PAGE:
Chinese people should think carefully before investing in overseas studies, says a signed article in China Youth Daily. An excerpt follows:
At a recent recruitment fair organized for returned overseas students, many employers were only willing to offer a monthly salary of 3,000 yuan (US$390). Many haigui (overseas returnees) thought the remuneration too low. While some employers commented that haigui, especially those going on their own, have less advantages than before.
For a long time, studying overseas has provided an attractive opportunity for many. From 1978 to 2005 more than 933,400 Chinese students studied abroad. The number increased after the country adjusted its policies on self-supported overseas study. Now the majority of Chinese students overseas are studying at their own expense.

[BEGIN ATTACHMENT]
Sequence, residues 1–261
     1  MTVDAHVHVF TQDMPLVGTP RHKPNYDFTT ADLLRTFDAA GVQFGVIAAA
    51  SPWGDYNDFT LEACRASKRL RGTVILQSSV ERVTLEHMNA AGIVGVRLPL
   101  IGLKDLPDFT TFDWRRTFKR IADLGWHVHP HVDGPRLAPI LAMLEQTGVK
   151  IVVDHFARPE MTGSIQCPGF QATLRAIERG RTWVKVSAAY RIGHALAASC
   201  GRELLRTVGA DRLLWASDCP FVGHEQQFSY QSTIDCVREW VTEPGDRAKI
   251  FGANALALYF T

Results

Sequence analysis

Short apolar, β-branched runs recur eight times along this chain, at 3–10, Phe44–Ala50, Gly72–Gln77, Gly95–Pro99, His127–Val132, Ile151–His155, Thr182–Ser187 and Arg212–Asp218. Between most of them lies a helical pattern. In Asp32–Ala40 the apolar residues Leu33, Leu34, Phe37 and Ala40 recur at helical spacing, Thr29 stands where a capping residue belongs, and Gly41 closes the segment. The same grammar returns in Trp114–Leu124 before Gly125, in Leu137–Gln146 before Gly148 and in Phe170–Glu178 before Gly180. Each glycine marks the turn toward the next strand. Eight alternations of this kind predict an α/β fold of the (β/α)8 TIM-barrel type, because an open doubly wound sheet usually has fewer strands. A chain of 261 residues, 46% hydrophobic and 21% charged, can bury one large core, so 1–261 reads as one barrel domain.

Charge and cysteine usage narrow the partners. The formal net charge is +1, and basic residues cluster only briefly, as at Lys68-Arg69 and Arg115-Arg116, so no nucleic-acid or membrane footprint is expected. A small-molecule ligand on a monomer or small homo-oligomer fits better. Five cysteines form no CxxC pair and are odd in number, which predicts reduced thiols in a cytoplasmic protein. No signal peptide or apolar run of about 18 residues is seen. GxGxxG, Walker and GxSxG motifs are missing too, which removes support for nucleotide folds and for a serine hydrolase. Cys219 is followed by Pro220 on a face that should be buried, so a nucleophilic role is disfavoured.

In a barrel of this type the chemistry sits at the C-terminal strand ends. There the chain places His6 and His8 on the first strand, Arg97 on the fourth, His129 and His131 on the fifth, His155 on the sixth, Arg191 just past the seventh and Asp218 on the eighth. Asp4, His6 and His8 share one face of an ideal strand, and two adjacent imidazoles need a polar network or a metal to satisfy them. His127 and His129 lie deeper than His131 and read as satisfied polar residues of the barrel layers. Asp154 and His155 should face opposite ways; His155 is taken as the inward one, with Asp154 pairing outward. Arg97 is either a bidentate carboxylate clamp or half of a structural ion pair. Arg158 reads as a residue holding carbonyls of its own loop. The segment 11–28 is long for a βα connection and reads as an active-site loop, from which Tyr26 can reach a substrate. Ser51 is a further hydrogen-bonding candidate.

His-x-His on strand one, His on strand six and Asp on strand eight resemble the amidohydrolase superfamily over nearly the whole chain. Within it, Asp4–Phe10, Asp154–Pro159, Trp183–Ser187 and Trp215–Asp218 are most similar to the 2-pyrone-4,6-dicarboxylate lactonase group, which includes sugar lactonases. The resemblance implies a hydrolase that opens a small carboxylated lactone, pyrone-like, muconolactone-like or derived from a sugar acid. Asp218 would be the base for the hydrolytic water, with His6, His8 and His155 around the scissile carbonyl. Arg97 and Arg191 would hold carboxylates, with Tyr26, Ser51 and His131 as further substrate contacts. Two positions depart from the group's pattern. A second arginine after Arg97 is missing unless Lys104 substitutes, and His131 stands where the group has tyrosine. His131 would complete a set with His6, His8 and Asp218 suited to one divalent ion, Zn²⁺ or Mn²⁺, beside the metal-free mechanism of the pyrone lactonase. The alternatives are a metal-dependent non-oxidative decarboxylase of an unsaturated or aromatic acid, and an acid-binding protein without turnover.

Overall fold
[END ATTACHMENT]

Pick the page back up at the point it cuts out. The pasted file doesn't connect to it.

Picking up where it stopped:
As the number of haigui increases, enterprises are no longer as impressed.
But many parents are still enchanted by the idea. They still expect their children to have a bright future after studying abroad.
Chinese families have paid a high price for their children's overseas educational experiences. It is reported that the education industry ranked fourth among Australia's exports to China.
It is estimated that every year more than US$375 million in funds for education leaves China. It is worthwhile if the money can buy the knowledge and skills we need. But much of that money is a bad investment.
Some students go to overseas colleges only because they cannot qualify for domestic colleges. Many students do not concentrate on their studies.
What is more, many overseas schools just regard Chinese students as an important channel to increase profits instead of providing quality education.
(China Daily June 1, 2007)